[SciPy-User] [OT] Bayesian vs. frequentist

josef.pktd@gmai... josef.pktd@gmai...
Tue Feb 14 14:24:57 CST 2012


On Tue, Feb 14, 2012 at 2:40 PM, Sturla Molden <sturla@molden.no> wrote:
>
> After having worked with applied statistics for ~15 years, I have
> reached this conclusion... ;-)

Do you expect an argument? sounds a bit like http://andrewgelman.com/

Even 20 years ago when I was a Bayesian, I didn't understand what most
of the excitement in the religious differences between Bayesian and
Frequentist fundamentalists was all about. ;)

Josef
If you have a hammer, everything looks like a nail.
If you have a screw driver, everything looks like a screw.
(What's difference in differences, and what's generalized method of
moments. Two highlights from Gelman.)

>
>
> Sturla's 20 propositions on Bayesian vs. classical statistics:
> ==============================================================
>
> 1. For simple data, a figure is sufficient, nobody really cares.
>
> 2. For dummy problems with known facit, Bayesian methods tend to be the
> more accurate.
>
> 3. Bayesian methods include prior knowlege. A horse of 400 g is a priori
> less likely than a horse of 400 kg. Frequentists say this is too subjective.
>
> 4. Bayesian methods are easier to interpret. Few understand a
> frequenctist confidence interval, albeit everybody they think they do.
>
> 5. Hypothesis testing: Bayesians answer the question we ask. Freuentists
> don't.
>
> 6. Economists investing their own money are bayesians.
>
> 7. Economists investing your money are frequentists.
>
> 8. For basic medical research, nobody cares.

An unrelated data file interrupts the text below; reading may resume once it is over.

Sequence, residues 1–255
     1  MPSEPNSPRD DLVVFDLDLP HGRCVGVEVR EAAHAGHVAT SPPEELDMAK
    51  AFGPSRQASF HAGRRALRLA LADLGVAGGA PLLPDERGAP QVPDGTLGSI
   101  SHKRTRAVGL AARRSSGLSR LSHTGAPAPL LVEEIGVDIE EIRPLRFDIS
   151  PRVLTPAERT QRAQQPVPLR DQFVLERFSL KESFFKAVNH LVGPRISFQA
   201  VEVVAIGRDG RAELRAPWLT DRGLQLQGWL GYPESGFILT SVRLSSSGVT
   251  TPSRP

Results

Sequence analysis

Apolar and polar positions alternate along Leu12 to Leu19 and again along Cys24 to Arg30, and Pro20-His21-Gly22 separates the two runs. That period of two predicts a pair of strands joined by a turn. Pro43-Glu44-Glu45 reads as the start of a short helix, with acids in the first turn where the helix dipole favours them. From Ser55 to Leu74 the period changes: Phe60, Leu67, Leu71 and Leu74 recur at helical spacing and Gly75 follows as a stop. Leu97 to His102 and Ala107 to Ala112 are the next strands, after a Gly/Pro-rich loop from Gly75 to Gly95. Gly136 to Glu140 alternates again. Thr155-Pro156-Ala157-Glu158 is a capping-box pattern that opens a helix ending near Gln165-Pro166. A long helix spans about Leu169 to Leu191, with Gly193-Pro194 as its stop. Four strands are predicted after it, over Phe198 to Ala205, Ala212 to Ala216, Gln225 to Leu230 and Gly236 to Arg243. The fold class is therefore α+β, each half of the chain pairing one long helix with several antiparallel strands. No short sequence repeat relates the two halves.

>
> 9. Drug trials: For getting an FDA application approved, frequentists
> often yield a more 'significant result'.
>
> 10. Drug trials: For in-hose liability estimates, Bayesian methods are
> the safer.
>
> 11. Frequentists can always get more significant results by "sampling
> more data".
>
> 12. Frequentists don't care about stopping rules, even though they should.
>
> 13. Bayesians don't care about stopping rules bacause they don't have to.
>
> 14. "Significant" does not mean "important". Any tiny difference can be
> made statistically significant.
>
> 15. For interpreting clinical lab tests, Bayesian methods prevail, e.g.
> predictive values.
>
> 16. Engineers who know their mathematics use Bayesian methods.
>
> 17. Social scientists who don't know their mathematics are frequentists.
>
> 18. SPSS, Excel, Minitab, and SAS make it easy to be an ignorant
> frequentist.
>
> 19. No tool make it easy to be an ignorant bayesian.
>
> 20. Competent analysts use R, Fortran, Matlab or Python.
>
>
>
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